While the hook has been reasonably effective – he converted nearly 50% of those shots last season – it just doesn’t seem like a feasible strategy going forward. Opposing forwards played him surprisingly straight up on defense last year, but it’s nearly inevitable that teams start working to take away that left side and force Henson to use other moves to beat them. It’s imperative that he develop some additional moves – or at least a reliable counter to the hook that he can use when they key in on it.

Henson’s offensive efficiency, via Synergy.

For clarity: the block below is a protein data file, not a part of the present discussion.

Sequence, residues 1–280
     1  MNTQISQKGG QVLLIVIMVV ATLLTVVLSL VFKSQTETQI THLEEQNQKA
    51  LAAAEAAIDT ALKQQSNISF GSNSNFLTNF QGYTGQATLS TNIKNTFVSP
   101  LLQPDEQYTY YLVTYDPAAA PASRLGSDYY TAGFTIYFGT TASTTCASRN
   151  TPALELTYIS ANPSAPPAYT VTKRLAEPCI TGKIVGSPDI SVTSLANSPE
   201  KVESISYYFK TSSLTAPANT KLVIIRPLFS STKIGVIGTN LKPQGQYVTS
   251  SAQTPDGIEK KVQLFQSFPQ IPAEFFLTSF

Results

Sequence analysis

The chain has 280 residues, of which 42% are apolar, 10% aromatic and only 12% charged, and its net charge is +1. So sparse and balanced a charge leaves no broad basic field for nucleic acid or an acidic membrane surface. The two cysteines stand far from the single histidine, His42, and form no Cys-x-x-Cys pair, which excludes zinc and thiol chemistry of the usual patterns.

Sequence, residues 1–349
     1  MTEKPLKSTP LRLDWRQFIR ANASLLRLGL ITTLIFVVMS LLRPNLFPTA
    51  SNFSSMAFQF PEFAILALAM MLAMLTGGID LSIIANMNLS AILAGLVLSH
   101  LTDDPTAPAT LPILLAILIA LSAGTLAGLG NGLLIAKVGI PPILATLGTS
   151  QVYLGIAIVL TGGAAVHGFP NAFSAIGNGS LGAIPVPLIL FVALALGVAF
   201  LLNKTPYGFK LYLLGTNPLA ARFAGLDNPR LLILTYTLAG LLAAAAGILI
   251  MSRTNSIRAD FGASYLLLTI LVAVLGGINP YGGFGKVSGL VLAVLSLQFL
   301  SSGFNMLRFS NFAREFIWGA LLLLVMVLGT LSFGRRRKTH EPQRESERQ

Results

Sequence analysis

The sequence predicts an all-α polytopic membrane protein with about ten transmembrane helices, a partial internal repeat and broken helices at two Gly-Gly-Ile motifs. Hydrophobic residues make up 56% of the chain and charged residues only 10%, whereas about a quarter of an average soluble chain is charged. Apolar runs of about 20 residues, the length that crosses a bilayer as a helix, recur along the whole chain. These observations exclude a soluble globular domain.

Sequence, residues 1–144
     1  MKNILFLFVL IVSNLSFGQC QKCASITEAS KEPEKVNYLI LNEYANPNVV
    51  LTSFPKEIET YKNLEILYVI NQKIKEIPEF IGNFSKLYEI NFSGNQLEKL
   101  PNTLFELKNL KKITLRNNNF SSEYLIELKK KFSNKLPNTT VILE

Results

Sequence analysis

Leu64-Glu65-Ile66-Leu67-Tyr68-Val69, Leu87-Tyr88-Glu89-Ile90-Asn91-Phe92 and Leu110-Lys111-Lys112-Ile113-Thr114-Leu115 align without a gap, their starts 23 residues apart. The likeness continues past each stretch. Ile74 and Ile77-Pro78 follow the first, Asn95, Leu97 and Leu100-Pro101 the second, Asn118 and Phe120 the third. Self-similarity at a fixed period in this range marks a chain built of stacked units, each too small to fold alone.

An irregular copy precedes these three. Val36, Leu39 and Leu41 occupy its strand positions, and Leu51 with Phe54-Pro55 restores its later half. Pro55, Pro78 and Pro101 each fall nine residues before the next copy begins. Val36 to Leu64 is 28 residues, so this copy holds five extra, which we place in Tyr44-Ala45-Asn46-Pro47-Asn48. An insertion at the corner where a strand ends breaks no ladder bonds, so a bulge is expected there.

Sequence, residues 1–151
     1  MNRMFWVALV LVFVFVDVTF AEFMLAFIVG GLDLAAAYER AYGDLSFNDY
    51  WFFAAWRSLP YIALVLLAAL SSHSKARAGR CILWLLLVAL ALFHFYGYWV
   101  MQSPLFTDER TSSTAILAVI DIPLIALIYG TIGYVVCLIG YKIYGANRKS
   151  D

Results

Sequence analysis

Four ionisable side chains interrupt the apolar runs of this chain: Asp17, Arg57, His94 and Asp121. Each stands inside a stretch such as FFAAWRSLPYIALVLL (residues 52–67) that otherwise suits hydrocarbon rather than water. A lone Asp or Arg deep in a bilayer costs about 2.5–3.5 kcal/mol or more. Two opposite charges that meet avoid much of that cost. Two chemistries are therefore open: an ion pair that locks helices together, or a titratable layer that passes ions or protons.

Digging into Synergy’s offensive play numbers (which I’ve found more useful than the defensive ones) shows that Henson has been most successful on quicker plays – cuts to the basket, offensive rebounds, and in transition. When he gets the ball in a post-up situation, his tendency to default to his favorite shot often means that Henson puts in more work for a less favorable look than if he had any kind of move to the right or toward the basket. Of course, being a young player still works in his favor, as there is still plenty of opportunity to develop a more varied offensive strategy. As his tendencies become more well-known around the league and teams begin to key in on that hook, it will be important that Henson be able to keep opponents guessing with his post game in order to continue his effective play.